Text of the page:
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Speeches

Jenny Abramsky

Director of Radio & Music


Public Service Radio: Phoenix or Albatross - the James Cameron Memorial Lecture


London, Monday 25 November 2002
Printable version

In January 1985 my parents were visiting a friend at the Royal Free hospital when my mother found out that James Cameron was in the same ward and had no visitors. They went to talk to him.


He seemed genuinely delighted to meet these strangers and they talked about politics. James was scathing about a number of politicians…I promised I won’t name them. He regretted the lack of intellectual backbone behind much of politics of the time and apparently spoke well of only two politicians.


My Dad was thrilled to meet a man he so admired and recounted to us all how interesting the conversation had been, so much so that he sent cousin Monty to visit James the next day to continue the conversation.


I have no idea if James enjoyed the conversations as much as my parents, but even today, at the age of 86, my father remembers it.


Even when James Cameron was so sick he was still full of curiosity, humanity and, above all, he cared.


I hate making speeches so, when Hugh Stephenson asked me to do this lecture, I said no.


But Hugh, ever persistent, somehow convinced me that I had no choice…and I think one reason I fell for his argument was that all my life James Cameron has represented the journalism that I believe radio should / must aspire to.


James was one of the first journalists I knew by name. My parents read him. I heard him on the radio, saw him on the television, on programmes like The Way We Live Now.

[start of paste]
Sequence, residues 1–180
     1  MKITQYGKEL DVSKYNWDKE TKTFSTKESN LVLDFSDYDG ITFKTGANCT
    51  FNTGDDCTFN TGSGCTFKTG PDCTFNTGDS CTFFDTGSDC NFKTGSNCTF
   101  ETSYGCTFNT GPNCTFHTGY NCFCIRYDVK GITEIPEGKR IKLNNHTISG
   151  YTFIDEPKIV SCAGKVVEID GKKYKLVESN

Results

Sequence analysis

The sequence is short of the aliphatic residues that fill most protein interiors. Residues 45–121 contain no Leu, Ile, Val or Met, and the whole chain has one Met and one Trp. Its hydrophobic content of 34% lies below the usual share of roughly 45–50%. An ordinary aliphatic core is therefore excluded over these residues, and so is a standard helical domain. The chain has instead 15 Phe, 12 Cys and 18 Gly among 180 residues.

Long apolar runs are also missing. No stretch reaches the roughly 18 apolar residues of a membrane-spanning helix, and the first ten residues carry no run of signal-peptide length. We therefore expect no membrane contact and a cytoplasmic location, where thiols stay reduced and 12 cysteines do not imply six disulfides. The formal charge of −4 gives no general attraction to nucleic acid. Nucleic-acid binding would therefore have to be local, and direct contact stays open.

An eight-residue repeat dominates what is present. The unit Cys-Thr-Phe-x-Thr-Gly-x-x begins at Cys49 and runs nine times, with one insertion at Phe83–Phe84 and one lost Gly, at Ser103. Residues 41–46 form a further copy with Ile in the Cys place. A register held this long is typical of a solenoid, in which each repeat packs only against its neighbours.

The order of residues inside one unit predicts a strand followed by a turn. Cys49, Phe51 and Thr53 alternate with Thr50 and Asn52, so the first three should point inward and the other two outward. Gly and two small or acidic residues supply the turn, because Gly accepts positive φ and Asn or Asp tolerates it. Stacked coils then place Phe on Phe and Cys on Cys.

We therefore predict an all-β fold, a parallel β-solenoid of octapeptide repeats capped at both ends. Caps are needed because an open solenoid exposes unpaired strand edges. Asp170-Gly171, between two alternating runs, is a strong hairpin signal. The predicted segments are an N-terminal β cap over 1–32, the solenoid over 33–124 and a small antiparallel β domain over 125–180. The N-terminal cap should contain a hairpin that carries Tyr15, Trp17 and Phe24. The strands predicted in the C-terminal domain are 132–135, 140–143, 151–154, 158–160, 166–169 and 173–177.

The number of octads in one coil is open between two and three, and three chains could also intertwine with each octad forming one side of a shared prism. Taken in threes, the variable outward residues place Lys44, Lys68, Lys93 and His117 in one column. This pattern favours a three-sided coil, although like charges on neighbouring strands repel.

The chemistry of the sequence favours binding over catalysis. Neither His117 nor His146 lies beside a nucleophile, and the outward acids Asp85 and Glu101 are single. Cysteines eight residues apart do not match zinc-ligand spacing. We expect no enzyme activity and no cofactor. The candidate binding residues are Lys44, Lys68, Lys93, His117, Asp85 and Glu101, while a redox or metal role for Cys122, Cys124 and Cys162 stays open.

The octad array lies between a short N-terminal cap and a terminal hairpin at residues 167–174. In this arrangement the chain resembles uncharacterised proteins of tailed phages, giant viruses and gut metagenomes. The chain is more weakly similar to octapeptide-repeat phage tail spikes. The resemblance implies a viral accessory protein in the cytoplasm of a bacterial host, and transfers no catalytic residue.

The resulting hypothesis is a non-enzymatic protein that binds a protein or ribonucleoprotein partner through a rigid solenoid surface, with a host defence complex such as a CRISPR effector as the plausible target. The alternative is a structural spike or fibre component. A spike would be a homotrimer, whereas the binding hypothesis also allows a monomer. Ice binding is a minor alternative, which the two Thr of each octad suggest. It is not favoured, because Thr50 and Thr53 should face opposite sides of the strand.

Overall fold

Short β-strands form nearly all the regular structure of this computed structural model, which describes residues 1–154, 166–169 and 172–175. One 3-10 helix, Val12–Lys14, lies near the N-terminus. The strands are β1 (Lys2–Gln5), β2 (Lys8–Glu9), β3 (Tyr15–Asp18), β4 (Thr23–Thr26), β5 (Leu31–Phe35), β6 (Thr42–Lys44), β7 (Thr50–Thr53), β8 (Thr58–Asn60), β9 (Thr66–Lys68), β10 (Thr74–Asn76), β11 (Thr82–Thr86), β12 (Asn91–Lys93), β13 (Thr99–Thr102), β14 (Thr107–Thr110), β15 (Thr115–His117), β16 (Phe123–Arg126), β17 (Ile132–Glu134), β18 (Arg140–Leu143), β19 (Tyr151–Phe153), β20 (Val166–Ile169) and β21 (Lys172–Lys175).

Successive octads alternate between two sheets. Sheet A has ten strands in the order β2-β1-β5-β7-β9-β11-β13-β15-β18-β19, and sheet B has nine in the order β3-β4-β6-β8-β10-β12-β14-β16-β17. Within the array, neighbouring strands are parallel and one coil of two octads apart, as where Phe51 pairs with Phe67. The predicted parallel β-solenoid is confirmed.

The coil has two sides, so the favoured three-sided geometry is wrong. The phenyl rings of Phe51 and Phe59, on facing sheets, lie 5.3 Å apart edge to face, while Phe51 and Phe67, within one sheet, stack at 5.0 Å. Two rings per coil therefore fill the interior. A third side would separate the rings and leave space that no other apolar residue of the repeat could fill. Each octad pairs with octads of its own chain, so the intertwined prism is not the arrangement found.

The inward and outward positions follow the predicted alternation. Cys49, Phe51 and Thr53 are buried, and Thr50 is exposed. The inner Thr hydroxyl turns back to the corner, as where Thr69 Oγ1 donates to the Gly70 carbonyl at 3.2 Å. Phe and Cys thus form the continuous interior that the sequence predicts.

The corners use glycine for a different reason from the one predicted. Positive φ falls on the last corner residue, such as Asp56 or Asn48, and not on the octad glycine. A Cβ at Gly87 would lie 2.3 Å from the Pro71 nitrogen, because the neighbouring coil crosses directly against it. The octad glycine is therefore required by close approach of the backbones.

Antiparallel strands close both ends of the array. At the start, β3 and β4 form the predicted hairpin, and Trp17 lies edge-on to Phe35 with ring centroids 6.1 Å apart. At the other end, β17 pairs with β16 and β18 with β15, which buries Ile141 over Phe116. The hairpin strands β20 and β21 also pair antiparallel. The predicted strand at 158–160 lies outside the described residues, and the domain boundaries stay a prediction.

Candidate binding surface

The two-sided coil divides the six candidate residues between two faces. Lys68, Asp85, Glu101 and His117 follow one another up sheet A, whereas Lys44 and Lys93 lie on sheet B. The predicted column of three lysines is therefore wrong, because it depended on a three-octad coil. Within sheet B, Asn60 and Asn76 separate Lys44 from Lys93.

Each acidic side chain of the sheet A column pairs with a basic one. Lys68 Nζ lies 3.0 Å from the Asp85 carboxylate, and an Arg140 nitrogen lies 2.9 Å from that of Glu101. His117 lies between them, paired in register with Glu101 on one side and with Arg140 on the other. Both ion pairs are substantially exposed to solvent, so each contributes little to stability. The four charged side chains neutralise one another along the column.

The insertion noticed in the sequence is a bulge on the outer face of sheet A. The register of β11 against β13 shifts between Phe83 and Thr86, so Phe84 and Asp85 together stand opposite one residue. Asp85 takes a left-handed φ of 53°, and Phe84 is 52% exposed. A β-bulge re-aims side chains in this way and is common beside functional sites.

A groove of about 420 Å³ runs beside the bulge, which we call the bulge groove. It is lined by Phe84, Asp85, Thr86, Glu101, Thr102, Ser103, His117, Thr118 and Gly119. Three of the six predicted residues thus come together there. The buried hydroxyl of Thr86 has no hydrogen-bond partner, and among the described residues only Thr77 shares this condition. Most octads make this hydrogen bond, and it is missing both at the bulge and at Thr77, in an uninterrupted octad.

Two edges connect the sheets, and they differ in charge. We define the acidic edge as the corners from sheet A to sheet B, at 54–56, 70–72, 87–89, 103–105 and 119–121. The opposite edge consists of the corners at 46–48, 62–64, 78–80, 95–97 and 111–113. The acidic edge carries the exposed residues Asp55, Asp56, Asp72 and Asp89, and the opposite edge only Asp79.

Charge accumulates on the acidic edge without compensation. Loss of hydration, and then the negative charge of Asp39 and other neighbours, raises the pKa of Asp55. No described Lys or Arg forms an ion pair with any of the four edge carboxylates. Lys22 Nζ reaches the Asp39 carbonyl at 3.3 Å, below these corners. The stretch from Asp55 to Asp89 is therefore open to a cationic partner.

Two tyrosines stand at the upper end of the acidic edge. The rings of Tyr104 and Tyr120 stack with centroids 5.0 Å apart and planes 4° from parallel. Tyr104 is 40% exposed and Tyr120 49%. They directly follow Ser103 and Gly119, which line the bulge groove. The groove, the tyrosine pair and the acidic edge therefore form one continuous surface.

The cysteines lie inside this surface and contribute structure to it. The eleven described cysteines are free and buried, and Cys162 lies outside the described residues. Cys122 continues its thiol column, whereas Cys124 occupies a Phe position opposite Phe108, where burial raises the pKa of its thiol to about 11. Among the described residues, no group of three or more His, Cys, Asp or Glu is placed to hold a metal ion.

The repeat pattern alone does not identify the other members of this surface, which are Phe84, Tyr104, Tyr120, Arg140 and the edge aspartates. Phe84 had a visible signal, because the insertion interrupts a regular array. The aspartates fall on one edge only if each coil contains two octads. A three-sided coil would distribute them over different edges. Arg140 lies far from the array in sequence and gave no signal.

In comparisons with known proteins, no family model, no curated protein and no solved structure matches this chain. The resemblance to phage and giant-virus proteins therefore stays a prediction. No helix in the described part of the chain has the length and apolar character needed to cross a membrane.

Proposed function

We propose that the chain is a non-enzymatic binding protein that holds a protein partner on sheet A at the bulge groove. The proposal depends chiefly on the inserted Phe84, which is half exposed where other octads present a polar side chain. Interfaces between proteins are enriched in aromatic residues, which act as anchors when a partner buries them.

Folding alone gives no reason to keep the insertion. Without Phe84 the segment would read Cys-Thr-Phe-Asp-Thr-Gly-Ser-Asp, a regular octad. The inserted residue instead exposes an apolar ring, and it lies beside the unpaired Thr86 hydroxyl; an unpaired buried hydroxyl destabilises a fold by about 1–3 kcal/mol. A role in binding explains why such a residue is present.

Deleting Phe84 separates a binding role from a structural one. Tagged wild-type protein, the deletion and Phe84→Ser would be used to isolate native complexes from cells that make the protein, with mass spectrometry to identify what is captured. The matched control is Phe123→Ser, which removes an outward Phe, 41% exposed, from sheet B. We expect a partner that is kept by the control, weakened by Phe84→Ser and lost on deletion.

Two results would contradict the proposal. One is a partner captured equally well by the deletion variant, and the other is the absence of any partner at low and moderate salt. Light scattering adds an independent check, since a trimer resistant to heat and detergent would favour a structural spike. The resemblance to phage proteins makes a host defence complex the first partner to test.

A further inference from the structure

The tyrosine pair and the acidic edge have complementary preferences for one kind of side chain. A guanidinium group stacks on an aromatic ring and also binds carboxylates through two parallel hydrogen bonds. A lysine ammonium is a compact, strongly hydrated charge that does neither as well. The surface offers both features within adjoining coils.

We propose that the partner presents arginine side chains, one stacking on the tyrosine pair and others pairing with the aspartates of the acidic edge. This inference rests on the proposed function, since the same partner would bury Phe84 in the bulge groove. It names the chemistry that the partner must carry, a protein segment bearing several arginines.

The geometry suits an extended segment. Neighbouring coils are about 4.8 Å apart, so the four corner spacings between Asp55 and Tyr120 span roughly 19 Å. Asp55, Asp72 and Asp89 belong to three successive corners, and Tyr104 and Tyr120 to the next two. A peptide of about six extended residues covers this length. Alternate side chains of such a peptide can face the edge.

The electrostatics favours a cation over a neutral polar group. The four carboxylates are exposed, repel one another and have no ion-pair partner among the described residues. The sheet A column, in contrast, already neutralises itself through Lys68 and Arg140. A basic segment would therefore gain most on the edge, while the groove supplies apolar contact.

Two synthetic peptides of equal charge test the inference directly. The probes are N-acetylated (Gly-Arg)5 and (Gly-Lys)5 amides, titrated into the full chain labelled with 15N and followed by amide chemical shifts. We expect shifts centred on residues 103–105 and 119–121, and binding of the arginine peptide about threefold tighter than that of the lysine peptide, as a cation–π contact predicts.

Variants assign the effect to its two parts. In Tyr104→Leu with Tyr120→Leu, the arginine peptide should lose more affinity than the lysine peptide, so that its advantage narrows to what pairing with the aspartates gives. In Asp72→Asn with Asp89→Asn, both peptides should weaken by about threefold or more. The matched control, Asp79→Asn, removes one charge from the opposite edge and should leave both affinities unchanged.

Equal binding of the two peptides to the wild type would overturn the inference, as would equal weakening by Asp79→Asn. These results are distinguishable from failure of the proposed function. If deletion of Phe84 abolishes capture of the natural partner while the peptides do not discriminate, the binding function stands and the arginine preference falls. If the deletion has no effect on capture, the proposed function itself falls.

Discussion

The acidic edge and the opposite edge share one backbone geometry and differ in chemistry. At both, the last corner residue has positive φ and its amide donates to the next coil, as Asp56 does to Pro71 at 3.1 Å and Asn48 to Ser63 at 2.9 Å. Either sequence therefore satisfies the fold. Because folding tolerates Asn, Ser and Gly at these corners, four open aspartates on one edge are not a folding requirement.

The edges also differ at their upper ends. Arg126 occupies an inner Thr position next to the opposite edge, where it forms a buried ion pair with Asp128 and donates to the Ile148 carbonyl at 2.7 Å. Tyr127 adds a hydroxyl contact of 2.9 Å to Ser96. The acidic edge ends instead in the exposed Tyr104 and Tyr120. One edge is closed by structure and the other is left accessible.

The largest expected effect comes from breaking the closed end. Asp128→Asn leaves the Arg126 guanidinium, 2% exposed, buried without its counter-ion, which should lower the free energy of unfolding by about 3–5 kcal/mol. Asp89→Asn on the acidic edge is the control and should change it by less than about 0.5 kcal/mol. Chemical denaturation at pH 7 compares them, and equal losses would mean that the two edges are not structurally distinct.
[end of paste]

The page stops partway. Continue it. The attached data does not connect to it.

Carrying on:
He represented values my parents believed in – integrity, honesty, and a hunger for truth.


But James was also the first journalist I was conscious of working as well on television as on radio…as Charles Wheeler, Allan Little and Fergal Keane do today.


For those of us who grew up in the '60s we learnt much about the world through James Cameron's eyes. India, Berlin, Korea, his TV series - One Pair of Eyes - took us there.


We heard his contributions to programmes on the Aldermaston March, on the debates in Britain for and against the retention of the nuclear bomb. Here was a man who had seen it and we listened.


We heard him meet Ho Chi Minh, interview Albert Schwietzer. Be amazed by Schweitzer's attitude to Africans and his intellectual arrogance, describing him as "a synthesis of Jesus Christ and Adolf Hitler."


James Cameron went all over the world, wrote about and broadcast on the human side of stories and in doing so educated us all.


This month one of the means by which he did that - the BBC - is 80. We celebrated with a concert in Birmingham two weeks ago. That celebration was really a birthday party for radio in the UK.


It is radio that has reached a grand old age.


Is it still healthy, or is radio now in its dotage, sliding gracefully, but inexorably into oblivion?


Can radio be used to the same powerful effect today as James Cameron used it for 40 years?


This is, after all, the age of digits not valves and crystals - the digital revolution.


I am using the word 'revolution' loosely, but to many we are going through a revolution in communications unlike any other change.


In this plethora of choice, new services and platforms, what role is there for those of us in radio?


I have been at the BBC for years and for many of those years I have heard people argue that some of radio's resources should be diverted into making BBC Television better, now arguing into interactive, into online.


For some who work in radio that is what they fear digital means - a monster sucking up all the resources that go into programme making as we know it.


I joined the BBC when James Cameron was at the height of his powers.


I met him many times coming in to record an interview for The World At One or for the PM programme.


Those programmes in the 1970s had come to represent radio's commitment to serious journalism.


Today was only just beginning to change from the comfortable magazine format presented by Jack De Manio.


It was The World at One, with its maverick editor, Andrew Boyle, and its brilliant presenter, William Hardcastle, that forged the way for a new kind of robust broadcast journalism on radio and placed journalism at the heart of Radio 4.